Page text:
The movie takes place at a country house/summer camp on a lake where the five spent their summers together as kids. It is there that they first used an empty wine bottle to play the classic kissing game for which the film is named, and it is there that Jonah gets them to play the game again, ostensibly just for kicks. (Now, as then, gender pairing does not limit the matches, and as the others have to remind Ted: "Of COURSE we're playing 'tongue'!".)

Naturally, the game and its aftermath become the vehicles by which the film explores the various insecurities and conflicts of its characters: We see that pure & mousy Bev is neither as pure nor as mousy as we originally thought. We receive confirmation that Ted's engagement to her is just another example of his taking the path of least resistance through life rather than the result of true passion. (Much like his entering law school to please his family.) And we learn that Jonah has not gotten over what happened between him and Ted as kids nearly as much as he led Ted to believe.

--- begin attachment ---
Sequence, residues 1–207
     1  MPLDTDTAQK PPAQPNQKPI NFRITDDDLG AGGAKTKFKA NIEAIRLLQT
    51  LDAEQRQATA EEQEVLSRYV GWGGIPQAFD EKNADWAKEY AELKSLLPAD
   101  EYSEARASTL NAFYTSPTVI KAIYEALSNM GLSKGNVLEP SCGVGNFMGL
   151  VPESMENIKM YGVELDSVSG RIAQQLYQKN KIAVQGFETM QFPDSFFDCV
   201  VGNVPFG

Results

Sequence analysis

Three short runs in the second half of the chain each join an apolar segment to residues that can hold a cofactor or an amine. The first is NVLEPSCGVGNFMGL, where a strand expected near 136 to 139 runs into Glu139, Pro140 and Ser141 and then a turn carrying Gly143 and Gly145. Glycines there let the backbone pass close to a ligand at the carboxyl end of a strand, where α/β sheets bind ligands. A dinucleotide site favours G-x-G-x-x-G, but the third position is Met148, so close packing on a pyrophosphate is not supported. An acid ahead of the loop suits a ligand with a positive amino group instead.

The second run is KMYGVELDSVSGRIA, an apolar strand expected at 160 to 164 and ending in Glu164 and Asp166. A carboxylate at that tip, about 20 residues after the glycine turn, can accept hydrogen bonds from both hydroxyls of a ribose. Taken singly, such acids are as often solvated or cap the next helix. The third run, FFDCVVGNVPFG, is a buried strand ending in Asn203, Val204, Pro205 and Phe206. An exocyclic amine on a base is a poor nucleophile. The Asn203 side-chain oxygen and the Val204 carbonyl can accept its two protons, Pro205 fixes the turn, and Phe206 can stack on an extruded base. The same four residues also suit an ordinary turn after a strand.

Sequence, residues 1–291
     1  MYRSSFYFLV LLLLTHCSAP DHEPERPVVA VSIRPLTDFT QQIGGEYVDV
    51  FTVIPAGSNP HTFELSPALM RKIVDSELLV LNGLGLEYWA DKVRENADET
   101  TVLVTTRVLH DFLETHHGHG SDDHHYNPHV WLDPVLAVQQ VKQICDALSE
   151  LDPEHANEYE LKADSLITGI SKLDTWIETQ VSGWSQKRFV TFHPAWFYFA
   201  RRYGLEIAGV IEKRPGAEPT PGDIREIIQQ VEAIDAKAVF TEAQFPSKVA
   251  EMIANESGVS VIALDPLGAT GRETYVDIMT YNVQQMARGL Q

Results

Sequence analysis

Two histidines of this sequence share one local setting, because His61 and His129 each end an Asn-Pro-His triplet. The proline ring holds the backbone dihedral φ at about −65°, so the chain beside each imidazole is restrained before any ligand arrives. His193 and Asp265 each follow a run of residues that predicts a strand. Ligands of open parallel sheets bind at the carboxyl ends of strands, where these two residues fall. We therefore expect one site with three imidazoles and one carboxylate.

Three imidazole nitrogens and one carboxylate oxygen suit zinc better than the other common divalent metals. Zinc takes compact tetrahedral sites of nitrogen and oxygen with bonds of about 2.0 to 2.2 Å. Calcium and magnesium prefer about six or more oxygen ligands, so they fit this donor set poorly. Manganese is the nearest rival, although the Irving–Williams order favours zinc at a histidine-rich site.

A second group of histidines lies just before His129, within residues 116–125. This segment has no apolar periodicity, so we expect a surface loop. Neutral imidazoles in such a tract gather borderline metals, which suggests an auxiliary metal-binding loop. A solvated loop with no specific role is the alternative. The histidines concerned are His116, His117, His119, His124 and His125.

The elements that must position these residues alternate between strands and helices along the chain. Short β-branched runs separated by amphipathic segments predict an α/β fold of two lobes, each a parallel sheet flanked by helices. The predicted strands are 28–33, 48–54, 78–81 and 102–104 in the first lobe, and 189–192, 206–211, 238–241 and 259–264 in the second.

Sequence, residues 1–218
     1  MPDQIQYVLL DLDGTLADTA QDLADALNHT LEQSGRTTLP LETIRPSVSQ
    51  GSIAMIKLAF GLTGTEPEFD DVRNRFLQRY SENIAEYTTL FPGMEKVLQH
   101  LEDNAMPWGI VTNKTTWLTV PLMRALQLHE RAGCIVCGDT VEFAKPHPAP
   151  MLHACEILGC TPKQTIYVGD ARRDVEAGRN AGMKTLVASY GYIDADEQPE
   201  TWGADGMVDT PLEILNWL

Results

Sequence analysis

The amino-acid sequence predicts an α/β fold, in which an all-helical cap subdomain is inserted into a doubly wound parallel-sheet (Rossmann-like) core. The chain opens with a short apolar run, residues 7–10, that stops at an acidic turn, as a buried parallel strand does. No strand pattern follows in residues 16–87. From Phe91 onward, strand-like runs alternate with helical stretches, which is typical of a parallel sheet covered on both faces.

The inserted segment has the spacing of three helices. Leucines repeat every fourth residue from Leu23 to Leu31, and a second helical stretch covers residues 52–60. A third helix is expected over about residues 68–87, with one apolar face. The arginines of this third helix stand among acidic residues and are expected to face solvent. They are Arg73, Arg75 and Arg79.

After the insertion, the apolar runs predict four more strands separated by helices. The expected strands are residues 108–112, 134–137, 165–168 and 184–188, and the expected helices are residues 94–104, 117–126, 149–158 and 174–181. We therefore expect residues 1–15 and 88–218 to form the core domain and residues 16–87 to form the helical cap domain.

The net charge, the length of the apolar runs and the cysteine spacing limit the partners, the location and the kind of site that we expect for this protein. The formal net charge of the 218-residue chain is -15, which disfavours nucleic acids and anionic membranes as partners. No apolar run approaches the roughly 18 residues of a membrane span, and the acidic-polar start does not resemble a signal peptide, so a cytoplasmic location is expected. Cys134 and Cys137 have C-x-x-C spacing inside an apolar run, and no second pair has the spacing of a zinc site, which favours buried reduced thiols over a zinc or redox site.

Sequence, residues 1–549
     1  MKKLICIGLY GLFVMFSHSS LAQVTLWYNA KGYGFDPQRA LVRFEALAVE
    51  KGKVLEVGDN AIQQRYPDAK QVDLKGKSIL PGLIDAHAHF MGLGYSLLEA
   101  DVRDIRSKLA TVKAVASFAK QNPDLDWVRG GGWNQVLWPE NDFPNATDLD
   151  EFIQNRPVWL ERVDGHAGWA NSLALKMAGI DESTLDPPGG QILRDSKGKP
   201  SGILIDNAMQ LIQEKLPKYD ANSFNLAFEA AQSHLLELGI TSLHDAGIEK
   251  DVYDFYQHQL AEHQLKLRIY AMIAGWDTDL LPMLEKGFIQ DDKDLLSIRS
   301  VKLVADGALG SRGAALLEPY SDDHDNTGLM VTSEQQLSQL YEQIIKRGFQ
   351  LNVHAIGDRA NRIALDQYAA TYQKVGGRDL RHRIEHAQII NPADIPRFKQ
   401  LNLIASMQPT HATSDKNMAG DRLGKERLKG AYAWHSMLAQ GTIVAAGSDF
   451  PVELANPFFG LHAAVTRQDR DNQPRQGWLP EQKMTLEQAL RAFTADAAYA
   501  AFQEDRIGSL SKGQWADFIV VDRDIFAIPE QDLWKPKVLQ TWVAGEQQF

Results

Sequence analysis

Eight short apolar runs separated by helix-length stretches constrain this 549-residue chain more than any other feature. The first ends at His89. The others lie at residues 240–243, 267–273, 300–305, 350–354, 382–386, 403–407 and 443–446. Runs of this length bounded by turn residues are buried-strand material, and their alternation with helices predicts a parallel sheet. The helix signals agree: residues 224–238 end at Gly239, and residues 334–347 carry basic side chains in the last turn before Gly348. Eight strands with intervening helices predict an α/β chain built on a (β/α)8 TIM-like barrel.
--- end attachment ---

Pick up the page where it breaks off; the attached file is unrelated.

And, of course, we learn what it was that had happened in the first place: Ted and Jonah had done some sexual exploring together as adolescents, and afterward Ted had initiated public taunting and ridicule of Jonah to cover his own involvement. This had led to Jonah's estrangement from the others for the last decade.